The city is picturesque, with a dense network of arcaded streets opening into large communal piazze, and many bridges crossing the various branches of the Bacchiglione, which once surrounded the ancient walls like a moat.


The Padua Card allows you to visit most churches and all museums as well as to use the public transport for €15.

  • Saint Anthony's cathedral (Basilica di Sant'Antonio), Piazza del Santo (limited traffic area,parking in Prato della Valle+free shuttle bus line n° 3-8-11-12-13-16-18-22-32-43-Minibus Piazze-A-M-T and tramway line 1 stop "Basilica del Santo"-"Santa Giustina"-"Prato della Valle"),  +39 0498789722. Every day, 6.20 - 19.00 (DST 19.45). Saint Anthony's Basilica is the best-known tourist site in Padova - millions of pilgrims visit every year. Built immediately after "The Saint's" death in the 1200s, it houses his tomb and notable relics. The statues and crucifix on the main altar are by Donatello, as is the statue of horse and rider in the square in front of the church (called "Gattamelata" - "the honeyed cat"). Free entrance. 
  • Oratorio de San Giorgio. A beautiful, frescoed, and generally empty hall on the south side of the piazza next to the Basilica di Sant'Antonio. The paintings were done by two of Giotto's students, and though they are not as magnificent as those in the Capella degli Scrovegni, you can sit down and gaze at them undisturbed for as long as you like. Admission €2.50. 
  • Scrovegni Chapel (Cappella degli Scrovegni), Corso Garibaldi (parking near bus station, bus lines n° 3-8-9-10- (stop "Corso Garibaldi") 7-9-4-15 (stop "Piazzale Boschetti")),  +39 0492010020. Every day, 9.00-19.00. The Chapel is in the north of the city center, not far from the bus and train stations. The walls and ceilings are covered in frescos by Giotto, completed in 1303-1305. The chapel has been well preserved and the art is very impressive. Some of the techniques used were well ahead of their time. A must-see for art and art history fans. €12 full price, €5 student price (including Eremitani Civic Museum and Contemporary Art Museum).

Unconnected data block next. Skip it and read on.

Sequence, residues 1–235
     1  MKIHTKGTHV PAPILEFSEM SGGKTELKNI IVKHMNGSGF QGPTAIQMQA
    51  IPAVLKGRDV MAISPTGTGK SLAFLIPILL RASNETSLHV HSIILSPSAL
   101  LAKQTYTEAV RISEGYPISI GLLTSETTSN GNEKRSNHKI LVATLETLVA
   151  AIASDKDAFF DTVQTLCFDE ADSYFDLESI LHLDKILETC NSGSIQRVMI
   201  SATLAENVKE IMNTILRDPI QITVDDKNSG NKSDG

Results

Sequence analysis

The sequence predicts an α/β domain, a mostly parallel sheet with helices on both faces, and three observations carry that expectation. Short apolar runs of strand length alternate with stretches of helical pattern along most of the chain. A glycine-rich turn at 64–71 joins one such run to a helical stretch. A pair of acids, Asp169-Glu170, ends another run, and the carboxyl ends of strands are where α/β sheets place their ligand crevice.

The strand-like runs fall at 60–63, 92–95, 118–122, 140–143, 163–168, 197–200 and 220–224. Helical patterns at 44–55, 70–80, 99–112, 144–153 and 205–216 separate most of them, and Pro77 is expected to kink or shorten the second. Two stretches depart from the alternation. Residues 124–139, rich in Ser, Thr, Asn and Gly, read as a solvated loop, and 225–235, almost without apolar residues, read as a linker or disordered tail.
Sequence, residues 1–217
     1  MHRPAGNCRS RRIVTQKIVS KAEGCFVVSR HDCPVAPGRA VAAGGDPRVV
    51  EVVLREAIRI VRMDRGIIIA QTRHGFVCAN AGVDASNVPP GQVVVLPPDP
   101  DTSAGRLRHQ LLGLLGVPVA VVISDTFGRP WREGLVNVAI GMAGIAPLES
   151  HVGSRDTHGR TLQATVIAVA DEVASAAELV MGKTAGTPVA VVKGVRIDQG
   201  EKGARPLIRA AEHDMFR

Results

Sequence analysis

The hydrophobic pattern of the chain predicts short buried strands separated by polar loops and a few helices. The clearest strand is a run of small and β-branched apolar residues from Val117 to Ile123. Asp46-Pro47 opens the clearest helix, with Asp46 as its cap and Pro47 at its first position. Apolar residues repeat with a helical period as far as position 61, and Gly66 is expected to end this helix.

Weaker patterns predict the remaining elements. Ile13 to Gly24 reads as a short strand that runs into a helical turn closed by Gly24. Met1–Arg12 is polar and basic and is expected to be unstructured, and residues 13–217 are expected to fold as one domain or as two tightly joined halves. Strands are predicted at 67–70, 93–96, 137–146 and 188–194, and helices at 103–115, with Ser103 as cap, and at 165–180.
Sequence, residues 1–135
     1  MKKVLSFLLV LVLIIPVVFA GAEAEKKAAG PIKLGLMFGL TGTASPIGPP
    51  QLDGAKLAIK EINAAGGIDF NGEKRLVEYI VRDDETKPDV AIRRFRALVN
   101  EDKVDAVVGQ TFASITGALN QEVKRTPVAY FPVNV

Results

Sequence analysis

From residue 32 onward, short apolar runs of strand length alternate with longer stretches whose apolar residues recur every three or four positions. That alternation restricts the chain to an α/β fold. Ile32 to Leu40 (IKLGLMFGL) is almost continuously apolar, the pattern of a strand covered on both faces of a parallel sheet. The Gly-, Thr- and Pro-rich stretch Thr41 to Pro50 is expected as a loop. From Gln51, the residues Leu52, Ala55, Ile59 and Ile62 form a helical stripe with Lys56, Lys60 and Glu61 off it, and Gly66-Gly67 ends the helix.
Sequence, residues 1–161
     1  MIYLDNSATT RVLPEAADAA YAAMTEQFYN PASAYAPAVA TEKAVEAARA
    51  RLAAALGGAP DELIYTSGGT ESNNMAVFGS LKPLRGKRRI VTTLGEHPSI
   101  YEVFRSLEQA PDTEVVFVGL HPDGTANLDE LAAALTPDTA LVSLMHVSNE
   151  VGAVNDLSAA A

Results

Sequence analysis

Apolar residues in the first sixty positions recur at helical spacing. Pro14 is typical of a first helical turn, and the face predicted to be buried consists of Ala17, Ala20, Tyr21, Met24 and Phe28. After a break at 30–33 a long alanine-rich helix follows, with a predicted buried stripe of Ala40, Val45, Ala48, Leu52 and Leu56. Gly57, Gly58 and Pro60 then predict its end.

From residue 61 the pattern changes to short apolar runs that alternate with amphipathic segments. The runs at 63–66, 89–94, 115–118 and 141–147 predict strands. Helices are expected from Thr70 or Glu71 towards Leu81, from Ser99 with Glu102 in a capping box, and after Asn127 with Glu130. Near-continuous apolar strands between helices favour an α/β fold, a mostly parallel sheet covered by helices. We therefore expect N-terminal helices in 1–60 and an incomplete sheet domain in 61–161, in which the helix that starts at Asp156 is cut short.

Notice: Reserve your ticket/timeslot in advance or go very early. In the off-season, the wait from purchase to first available timeslot is about 4 hours unless you arrive before the hordes; in summer it's probably even longer. When you are admitted, you will be held for 15 minutes in a antechamber to lower body humidity which would otherwise damage the frescoes. During this time, you'll see a documentary presenting the chapel and its history. Then you will be allowed 15 minutes to see the frescoes before being shepherded out.